With our headquarters in Washington DC and the bulk of our correspondents found near America’s top producing craft beer regions on the coasts, it only made sense for us to create a series giving all the states their due, featuring breweries large and small, plus the histories behind them.
We’ve been on this journey for over two-and-a-half years now and have managed to alphabetically drink our way to the 45th state on our list, The Green Mountain State, Vermont. The origin of Vermont’s nickname is a bit contentious, it just depends on who you ask. According to the Vermont French-Canadian Genealogical Society, the first utterance of the name Vermont came from Thomas Young, an Englishman providing an archaic French translation of “Green Mountains,” while speaking in Philadelphia in April of 1777. Conversely, the earliest written mention of the French translation was a description of local militia men as “Green Mountain Boys” by Ethan Allen in 1772. Others claim Reverend Hugh Peters having christened the state as “Verd Mont” in 1763, although this account appears to be the toughest to corroborate. Who knows for sure…
Vermont ranks 49th in total population (roughly 625 thousand residents), ranks 30th in population density, and houses 50 craft breweries as of 2016 (an increase of 28 since 2011) who are represented by the Vermont Brewers Association. The state ranks 30th in total breweries (including D.C.) and 1ST in breweries per capita as of 2016, according to the Brewers Association.
While most know Vermont for it’s robust recent history as a cradle of specialty craft breweries in the Northeast, it is far from what the foundations of the state’s brewing history looked like. As early as 1798, the state passed a law which restricted the sale of “strong beer, ale, and cider.” While the law was struck down in 1814, the following century would only provide accounts of +/- 2 breweries in operation until prohibition.
The Burlington Brewery, founded in the town of the same name in the early-1800’s, was by 1840 producing “12,800 gallons of beer.” Though later that year it was demolished by an arson’s fire set downtown, rebuilt within a year, then would eventually be out of business again in 1880’s.
While prohibitionist vigor flourished in Vermont throughout the 19th century, the growing of hops in the state exploded around 1840, with annual yields around 48 thousand pounds, increasing to a peak of over 600 thousand pounds annually in 1860. By 1910, hop production in the state was nearly non-existent.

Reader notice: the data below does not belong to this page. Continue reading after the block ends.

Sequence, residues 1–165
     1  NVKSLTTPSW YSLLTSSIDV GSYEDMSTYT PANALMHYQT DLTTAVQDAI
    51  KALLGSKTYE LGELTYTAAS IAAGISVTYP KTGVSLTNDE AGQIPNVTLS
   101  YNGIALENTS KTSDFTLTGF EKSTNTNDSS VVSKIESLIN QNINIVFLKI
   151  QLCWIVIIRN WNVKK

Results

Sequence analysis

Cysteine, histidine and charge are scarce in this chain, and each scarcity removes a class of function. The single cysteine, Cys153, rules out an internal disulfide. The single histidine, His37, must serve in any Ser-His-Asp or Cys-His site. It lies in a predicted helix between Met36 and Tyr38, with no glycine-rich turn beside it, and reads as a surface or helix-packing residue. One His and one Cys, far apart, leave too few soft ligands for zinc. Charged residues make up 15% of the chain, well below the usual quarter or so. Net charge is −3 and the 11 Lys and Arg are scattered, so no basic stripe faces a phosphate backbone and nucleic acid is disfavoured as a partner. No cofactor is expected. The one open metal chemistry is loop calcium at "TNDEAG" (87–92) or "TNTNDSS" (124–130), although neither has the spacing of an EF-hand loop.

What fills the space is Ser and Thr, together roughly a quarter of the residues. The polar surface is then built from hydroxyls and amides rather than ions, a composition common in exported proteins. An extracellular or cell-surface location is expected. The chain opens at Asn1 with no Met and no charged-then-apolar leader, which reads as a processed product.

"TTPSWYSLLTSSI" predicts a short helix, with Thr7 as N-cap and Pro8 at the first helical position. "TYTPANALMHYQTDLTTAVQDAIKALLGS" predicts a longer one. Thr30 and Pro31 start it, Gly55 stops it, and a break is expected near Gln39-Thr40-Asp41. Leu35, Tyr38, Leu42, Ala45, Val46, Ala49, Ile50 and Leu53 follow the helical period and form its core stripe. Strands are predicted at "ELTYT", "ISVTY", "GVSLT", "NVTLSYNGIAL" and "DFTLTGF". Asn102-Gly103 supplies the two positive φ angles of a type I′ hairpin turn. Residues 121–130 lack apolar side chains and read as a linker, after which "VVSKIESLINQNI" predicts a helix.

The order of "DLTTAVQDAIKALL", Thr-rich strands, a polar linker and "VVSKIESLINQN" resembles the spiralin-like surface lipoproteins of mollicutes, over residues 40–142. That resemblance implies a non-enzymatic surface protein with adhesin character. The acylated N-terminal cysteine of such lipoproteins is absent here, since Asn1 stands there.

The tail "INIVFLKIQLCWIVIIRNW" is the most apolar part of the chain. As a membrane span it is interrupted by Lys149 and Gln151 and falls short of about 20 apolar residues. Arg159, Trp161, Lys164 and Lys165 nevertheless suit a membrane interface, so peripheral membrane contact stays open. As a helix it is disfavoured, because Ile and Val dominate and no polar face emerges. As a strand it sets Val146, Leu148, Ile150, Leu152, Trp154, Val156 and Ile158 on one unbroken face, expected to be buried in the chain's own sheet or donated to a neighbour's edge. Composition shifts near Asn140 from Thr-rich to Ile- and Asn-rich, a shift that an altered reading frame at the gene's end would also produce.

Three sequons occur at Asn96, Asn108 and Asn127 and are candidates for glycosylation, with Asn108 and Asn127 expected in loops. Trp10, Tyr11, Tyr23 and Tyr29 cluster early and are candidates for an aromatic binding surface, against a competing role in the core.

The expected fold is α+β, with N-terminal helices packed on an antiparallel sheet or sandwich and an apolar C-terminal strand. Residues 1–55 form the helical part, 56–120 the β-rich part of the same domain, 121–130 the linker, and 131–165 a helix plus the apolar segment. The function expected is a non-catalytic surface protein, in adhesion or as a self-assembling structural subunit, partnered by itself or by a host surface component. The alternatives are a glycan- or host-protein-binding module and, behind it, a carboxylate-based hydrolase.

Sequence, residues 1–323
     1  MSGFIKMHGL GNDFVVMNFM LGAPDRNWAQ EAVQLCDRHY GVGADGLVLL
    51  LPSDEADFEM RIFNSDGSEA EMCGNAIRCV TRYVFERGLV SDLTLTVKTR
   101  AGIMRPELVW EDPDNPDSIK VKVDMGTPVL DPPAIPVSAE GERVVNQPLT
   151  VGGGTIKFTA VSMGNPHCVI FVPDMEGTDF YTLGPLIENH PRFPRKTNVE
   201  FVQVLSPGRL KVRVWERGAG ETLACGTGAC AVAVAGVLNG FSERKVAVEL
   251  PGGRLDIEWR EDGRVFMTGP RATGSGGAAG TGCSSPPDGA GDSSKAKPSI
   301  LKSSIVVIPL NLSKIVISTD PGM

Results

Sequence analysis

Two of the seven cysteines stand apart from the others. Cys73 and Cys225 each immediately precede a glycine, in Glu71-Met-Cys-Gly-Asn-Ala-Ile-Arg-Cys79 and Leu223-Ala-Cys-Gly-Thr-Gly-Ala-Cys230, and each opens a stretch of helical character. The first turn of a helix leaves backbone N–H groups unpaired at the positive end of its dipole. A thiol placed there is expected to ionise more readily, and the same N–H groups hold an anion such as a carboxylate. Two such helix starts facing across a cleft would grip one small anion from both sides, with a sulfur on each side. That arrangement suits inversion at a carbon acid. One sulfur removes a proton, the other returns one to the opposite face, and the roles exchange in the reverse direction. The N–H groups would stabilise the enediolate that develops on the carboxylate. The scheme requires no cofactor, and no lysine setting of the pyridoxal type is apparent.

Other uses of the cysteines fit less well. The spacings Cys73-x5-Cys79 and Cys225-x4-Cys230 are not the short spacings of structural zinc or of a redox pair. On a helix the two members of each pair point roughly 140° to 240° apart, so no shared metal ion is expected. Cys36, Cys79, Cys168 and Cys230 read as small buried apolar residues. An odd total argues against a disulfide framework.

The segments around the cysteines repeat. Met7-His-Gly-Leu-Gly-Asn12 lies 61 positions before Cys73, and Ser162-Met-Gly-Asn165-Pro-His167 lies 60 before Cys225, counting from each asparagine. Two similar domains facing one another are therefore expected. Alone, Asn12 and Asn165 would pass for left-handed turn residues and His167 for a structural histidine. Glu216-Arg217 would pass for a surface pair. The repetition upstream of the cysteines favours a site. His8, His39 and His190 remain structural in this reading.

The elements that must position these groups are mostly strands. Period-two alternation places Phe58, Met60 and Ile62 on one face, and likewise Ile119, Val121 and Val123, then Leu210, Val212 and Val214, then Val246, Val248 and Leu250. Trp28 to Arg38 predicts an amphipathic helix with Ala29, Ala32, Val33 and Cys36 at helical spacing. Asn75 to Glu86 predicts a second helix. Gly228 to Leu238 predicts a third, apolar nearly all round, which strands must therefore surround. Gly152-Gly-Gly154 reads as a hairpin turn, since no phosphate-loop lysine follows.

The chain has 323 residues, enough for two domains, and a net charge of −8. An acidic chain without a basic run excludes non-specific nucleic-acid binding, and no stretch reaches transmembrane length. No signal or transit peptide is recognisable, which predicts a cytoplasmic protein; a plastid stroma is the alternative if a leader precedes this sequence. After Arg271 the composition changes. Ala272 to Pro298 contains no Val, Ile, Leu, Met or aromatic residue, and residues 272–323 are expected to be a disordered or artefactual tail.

A law was passed in 1844 allowing citizens a “local option” or means by which to vote on the approval of brewing licenses in their area, then in 1853 the state legislature passed the Vermont Prevention of Traffic in Intoxicating Liquors for the Purpose of Drinking law. IRS records show that in 1877 there were “2 breweries, 1 liquor store and 433 saloons in operation” within the state. Post-prohibition, in 1935, two alcoholics from Vermont named Bill Wilson and Bob Smith started Alcoholics Anonymous, sharing with the world their twelve step program.
The first brewery to re-open the market in Vermont was Catamount Brewery in 1987. The state’s first brewery to medal at GABF, it unfortunately folded in 2000 and is now inhabited by the Boston stalwart, Harpoon Brewing. The oldest current brewery and first brewpub to open in the state was Burlington’s first in over 94 years, the Vermont Pub and Brewery in 1988. The work of founder Greg Noonan – an accomplished brewer, author and national judge for the Beer Judge Certification Program, he worked tirelessly with legislator Bill Mares to pass a law allowing the on-site sale of manufactured beer. The largest brewery in the state, producing over 150,000 barrels annually is Magic Hat Brewing. Opening in 1994 and known for their #9 Not Quite Pale Ale, they’ve been owned by North American Breweries (who are owned by Florida Farm & Ice) since 2010.
Overall, Vermont’s brewers have captured 22 medals at the Great American Beer Festival.
6 Vermont Breweries We Like and You Should Check Out